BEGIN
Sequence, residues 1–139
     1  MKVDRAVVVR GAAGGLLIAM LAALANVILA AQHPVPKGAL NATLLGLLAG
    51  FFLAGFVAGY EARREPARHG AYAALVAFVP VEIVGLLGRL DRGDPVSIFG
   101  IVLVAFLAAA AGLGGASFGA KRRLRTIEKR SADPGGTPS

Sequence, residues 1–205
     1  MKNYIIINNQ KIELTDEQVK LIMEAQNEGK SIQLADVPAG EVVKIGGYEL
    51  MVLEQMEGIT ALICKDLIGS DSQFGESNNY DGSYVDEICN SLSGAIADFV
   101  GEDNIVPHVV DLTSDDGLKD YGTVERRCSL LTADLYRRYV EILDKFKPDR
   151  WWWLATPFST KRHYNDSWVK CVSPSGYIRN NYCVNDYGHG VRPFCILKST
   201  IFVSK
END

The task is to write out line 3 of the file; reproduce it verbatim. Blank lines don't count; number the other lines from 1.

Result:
    51  FFLAGFVAGY EARREPARHG AYAALVAFVP VEIVGLLGRL DRGDPVSIFG